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BMC Struct Biol. 2009 Dec 17;9:75. doi: 10.1186/1472-6807-9-75.

The structure of pyogenecin immunity protein, a novel bacteriocin-like immunity protein from Streptococcus pyogenes.

Author information

1
Midwest Center for Structural Genomics and Structural Biology Center, Biosciences Division, Argonne National Laboratory, Argonne, Illinois 60439, USA. cchang@anl.gov

Abstract

BACKGROUND:

Many Gram-positive lactic acid bacteria (LAB) produce anti-bacterial peptides and small proteins called bacteriocins, which enable them to compete against other bacteria in the environment. These peptides fall structurally into three different classes, I, II, III, with class IIa being pediocin-like single entities and class IIb being two-peptide bacteriocins. Self-protective cognate immunity proteins are usually co-transcribed with these toxins. Several examples of cognates for IIa have already been solved structurally. Streptococcus pyogenes, closely related to LAB, is one of the most common human pathogens, so knowledge of how it competes against other LAB species is likely to prove invaluable.

RESULTS:

We have solved the crystal structure of the gene-product of locus Spy_2152 from S. pyogenes, (PDB:2fu2), and found it to comprise an anti-parallel four-helix bundle that is structurally similar to other bacteriocin immunity proteins. Sequence analyses indicate this protein to be a possible immunity protein protective against class IIa or IIb bacteriocins. However, given that S. pyogenes appears to lack any IIa pediocin-like proteins but does possess class IIb bacteriocins, we suggest this protein confers immunity to IIb-like peptides.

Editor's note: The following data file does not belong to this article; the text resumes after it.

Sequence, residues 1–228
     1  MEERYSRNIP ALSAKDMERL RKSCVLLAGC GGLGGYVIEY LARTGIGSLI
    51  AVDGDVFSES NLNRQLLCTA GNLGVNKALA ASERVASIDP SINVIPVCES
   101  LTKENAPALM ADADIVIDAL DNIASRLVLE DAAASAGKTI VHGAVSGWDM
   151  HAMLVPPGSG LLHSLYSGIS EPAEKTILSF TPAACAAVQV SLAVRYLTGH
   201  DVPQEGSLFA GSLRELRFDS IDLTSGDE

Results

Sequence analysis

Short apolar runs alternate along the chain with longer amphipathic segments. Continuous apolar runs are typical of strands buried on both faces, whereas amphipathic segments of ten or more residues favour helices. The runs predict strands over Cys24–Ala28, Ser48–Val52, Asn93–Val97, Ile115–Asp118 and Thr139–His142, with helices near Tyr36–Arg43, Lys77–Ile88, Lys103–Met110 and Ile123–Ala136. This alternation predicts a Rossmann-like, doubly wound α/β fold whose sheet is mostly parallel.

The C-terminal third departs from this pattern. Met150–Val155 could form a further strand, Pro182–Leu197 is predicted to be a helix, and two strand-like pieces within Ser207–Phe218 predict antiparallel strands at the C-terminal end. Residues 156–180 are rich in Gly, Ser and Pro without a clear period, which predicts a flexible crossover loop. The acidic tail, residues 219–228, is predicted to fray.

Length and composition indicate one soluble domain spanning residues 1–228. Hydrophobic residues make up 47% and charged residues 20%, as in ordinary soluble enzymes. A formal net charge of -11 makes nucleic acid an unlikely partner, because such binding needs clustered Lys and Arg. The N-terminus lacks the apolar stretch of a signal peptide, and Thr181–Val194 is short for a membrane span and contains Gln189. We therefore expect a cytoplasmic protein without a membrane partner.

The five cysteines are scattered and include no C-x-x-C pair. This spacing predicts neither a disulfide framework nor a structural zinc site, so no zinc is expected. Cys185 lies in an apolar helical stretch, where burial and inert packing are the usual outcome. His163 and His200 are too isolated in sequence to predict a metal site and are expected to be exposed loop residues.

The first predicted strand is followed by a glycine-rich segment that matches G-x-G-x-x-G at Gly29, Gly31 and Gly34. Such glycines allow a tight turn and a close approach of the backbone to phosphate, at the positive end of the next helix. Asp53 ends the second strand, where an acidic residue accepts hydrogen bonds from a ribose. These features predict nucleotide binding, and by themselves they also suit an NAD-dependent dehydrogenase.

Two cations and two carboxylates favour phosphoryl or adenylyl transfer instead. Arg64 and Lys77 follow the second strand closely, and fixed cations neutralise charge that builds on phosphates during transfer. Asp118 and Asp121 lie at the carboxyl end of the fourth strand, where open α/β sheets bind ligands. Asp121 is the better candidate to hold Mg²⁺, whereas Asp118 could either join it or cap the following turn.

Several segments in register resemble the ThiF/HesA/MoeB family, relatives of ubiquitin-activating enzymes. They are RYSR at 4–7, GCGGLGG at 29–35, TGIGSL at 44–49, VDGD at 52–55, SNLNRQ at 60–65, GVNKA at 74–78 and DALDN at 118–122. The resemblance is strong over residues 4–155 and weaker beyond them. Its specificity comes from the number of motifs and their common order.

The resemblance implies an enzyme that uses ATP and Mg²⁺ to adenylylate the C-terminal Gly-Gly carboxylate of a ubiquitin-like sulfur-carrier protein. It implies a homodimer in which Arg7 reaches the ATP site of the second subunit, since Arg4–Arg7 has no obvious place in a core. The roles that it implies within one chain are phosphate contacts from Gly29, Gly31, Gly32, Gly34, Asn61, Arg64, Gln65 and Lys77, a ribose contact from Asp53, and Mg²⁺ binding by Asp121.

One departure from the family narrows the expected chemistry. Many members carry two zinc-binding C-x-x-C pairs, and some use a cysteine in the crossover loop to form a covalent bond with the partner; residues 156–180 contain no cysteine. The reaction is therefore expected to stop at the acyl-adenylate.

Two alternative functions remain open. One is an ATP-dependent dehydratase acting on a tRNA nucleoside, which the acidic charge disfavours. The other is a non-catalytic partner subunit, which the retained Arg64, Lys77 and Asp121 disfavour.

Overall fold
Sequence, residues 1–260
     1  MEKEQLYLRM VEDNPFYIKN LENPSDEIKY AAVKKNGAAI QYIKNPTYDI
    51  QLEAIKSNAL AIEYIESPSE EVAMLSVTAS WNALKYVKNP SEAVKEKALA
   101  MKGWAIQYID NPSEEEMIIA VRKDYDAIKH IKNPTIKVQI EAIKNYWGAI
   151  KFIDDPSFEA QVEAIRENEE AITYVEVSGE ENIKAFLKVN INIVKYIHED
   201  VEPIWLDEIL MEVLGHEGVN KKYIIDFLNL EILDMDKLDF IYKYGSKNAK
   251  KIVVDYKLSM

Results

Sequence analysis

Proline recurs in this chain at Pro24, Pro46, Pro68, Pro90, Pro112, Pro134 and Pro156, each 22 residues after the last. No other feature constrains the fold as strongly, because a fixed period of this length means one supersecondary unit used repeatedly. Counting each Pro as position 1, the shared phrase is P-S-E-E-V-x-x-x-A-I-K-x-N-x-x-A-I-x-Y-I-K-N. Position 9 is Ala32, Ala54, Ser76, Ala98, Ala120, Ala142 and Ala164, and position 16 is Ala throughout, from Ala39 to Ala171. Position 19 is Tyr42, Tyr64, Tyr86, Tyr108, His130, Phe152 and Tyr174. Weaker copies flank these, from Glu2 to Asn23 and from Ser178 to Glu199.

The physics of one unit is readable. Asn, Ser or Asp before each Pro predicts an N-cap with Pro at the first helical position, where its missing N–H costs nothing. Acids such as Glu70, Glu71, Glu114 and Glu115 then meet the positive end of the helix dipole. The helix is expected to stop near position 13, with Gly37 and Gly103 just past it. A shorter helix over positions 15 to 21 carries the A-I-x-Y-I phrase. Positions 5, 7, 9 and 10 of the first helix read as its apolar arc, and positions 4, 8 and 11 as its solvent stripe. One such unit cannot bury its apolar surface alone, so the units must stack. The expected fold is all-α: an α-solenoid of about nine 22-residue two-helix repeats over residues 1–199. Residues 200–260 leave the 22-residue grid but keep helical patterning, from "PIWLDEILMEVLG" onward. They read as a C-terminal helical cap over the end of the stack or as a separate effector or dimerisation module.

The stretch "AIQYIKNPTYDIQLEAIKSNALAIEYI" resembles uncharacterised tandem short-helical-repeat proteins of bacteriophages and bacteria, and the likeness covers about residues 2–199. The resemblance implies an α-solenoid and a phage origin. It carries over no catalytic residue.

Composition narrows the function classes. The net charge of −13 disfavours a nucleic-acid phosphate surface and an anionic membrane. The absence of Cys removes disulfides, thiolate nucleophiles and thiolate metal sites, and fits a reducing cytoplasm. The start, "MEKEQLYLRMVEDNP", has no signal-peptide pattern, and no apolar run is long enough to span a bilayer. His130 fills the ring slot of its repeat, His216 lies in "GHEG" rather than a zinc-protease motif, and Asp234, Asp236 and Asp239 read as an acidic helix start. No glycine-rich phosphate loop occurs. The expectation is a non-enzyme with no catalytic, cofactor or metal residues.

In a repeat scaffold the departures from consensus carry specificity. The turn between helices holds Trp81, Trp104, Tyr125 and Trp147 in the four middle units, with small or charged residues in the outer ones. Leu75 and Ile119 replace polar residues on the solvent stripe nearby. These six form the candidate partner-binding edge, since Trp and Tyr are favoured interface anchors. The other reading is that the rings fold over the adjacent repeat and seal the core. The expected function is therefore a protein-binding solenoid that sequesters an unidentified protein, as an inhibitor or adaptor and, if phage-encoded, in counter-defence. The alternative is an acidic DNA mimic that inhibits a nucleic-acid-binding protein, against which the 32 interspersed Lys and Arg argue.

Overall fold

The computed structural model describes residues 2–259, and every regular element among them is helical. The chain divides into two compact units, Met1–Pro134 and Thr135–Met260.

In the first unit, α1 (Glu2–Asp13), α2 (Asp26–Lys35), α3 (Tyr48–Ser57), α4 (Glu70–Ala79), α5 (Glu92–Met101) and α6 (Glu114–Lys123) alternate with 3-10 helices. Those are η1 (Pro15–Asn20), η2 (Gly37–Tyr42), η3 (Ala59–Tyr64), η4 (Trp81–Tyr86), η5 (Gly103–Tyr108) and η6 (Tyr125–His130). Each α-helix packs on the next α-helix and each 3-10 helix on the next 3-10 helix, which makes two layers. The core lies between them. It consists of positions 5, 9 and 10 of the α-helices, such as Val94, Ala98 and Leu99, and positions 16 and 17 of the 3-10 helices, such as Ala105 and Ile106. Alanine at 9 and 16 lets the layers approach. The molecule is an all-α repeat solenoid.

CONCLUSIONS:

Combined structural, genomic and proteomic analyses have allowed the identification and in silico characterization of a new putative immunity protein from S. pyogenes, possibly the first structure of an immunity protein protective against potential class IIb two-peptide bacteriocins. We have named the two pairs of putative bacteriocins found in S. pyogenes pyogenecin 1, 2, 3 and 4.

PMID:
20017931
PMCID:
PMC2806384
DOI:
10.1186/1472-6807-9-75
[Indexed for MEDLINE]
Free PMC Article

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